WASHINGTON — China may be trying to steal trade secrets from U.S. businesses, as federal prosecutors allege. Yet for many U.S. companies, China’s vast market remains an irresistible source of business.
The Justice Department’s indictment last week of five Chinese military officials accused them of trying to pilfer confidential information from American companies. But even some of the alleged U.S. corporate victims of the hackers have little incentive to cheer any trade rupture with China.
One, Westinghouse, is building four nuclear reactors in China.
Another, specialty steelmaker Allegheny Technologies, operates a joint venture in Shanghai.
A third, Alcoa, is the biggest foreign investor in China’s aluminum market. Indeed, Alcoa went so far as to downplay Justice’s charges: “No material information was compromised during this incident which occurred several years ago,” the company said.
American companies are in a delicate position. They want to maintain good relations with China, the world’s second-biggest economy and a market where U.S. firms’ earnings grew nearly 50 percent last year. But they’re also increasingly fearful of Chinese hackers stealing their trade secrets.
Looked that way, the hacking case is “going to be positive in opening up the conversation,” said Jamian Ronca Spadavecchia, founder of the Oxbow Advisory, which advises companies about risks in China and other emerging markets. “It’s bringing into the open some of the issues U.S. companies are facing.”
A U.S.-China Business Council survey has found that cybersecurity is a growing threat for U.S. companies in China: It jumped from to No. 14 last year from No. 23 in 2012 on a list of gripes about the Chinese market. American companies are also increasingly irritated by China’s attempts to censor the Internet, according to a survey by the American Chamber of Commerce in China.
The confrontation over hacking — China rejects the charges as based on “fabricated facts” — highlights the often-awkward relationship between China and the United States. They’re frenemies in a globalized world — rivals and partners in both politics and economics.
U.S. companies complain that China is becoming less hospitable to foreign companies. They cite policies that give Chinese firms an edge over foreign competitors, cumbersome licensing requirements and endless struggles to protect their intellectual property — from software to music to clothing design — from theft.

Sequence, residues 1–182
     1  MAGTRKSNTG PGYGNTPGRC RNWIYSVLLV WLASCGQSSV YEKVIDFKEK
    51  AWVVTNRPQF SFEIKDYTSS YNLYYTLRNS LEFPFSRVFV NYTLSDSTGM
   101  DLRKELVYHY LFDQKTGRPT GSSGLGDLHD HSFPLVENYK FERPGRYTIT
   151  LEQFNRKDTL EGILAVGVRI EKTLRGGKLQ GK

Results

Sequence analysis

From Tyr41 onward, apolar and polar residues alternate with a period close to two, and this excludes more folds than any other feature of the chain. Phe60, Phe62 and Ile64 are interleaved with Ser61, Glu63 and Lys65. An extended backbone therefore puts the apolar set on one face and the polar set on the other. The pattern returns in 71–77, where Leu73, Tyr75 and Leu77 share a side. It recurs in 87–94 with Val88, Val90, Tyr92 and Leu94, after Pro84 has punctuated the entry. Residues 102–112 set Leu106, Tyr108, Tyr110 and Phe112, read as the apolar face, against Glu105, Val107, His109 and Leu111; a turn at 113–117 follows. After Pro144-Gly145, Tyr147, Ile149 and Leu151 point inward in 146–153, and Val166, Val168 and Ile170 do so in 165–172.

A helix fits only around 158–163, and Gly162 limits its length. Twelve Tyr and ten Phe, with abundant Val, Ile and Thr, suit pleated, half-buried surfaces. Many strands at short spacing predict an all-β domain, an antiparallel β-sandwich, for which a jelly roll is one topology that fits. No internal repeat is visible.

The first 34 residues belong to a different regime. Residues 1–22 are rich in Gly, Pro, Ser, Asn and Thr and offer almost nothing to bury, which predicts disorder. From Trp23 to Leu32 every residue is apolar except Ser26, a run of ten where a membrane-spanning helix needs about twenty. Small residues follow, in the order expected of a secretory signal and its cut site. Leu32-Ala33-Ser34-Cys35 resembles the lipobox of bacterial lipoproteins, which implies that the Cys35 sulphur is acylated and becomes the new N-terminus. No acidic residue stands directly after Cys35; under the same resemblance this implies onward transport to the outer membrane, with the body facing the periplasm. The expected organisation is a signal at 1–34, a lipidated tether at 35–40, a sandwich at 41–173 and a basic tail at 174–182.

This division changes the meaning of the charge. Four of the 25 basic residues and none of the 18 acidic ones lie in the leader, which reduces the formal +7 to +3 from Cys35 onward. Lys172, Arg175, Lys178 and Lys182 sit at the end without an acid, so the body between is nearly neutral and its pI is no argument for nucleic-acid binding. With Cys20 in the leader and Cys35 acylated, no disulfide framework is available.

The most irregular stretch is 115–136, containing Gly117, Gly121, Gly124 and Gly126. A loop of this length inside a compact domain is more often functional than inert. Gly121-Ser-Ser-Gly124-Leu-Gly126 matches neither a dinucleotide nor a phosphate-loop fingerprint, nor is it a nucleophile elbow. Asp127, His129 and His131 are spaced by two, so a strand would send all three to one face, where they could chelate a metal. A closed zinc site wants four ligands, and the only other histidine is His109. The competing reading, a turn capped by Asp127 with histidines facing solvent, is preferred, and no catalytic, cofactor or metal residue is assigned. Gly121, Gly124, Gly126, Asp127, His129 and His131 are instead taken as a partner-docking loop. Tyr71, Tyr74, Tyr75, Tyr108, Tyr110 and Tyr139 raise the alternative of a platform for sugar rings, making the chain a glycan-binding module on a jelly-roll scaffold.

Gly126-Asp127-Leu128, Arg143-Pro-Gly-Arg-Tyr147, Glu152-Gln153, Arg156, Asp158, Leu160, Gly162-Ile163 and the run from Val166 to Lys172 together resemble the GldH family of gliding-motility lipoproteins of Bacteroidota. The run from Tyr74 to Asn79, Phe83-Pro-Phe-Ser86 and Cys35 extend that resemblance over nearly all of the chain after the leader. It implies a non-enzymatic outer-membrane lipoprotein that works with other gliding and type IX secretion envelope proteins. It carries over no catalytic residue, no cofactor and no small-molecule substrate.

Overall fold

For all the complaints and tensions, U.S.-China business ties are tight and getting tighter.
Last week, even as the hacking controversy raged, former U.S. ambassadors to Beijing rang the closing bell at the New York Stock Exchange to mark the 35th anniversary of U.S.-China diplomatic relations. After all, 77 Chinese company stocks now trade on the NYSE. Another big one — e-commerce giant Alibaba — plans to list its stock in the United States, either on the NYSE or NASDAQ.
Trade in goods between the U.S. and China last year hit a record $562 billion. American companies earned nearly $10 billion last year in China, another record. American direct investment in China exceeds $50 billion.
General Motors sells more cars in China than in the United States. General Electric sells China clean power plants that run on methane. Wal-Mart has 390 stores across China. Starbucks runs hundreds of cafes in China.
In a big turnabout, Chinese companies have begun to invest in America, too. Chinese investment in the United States reached $14 billion last year, up from virtually nothing a decade ago.
About 70,000 Americans work for Chinese companies, according to the Rhodium Group consultancy. Chinese firms are being drawn to America by cheap energy and land and by U.S. wages that aren’t as high compared with China’s as they once were.
Sometimes frictions between two countries can encourage closer ties. U.S.-Japan trade battles, for example, led Japanese automakers to build plants in America in the 1980s and 1990s. China’s Tianjin Pipe is building a $1 billion factory in Gregory, Texas — a decision it made after the U.S. imposed sanctions on pipes made in China.
“The investment will continue” unless the U.S.-China disputes get much worse, said Raymond Cheng, CEO of the Sozo Group, a Hong Kong firm that helps Chinese companies invest in America. “Energy costs are rapidly rising and are cheaper in the U.S.... Everybody realizes that manufacturing needs to be closer to the consumer. That’s all the incentive and reason for Chinese manufacturers need” to invest in the United States.
Speaking by phone, Cheng noted that he had just left the grand opening of a Chinese shoe factory in Jefferson City, Tennessee.
It will eventually employ 109 Americans.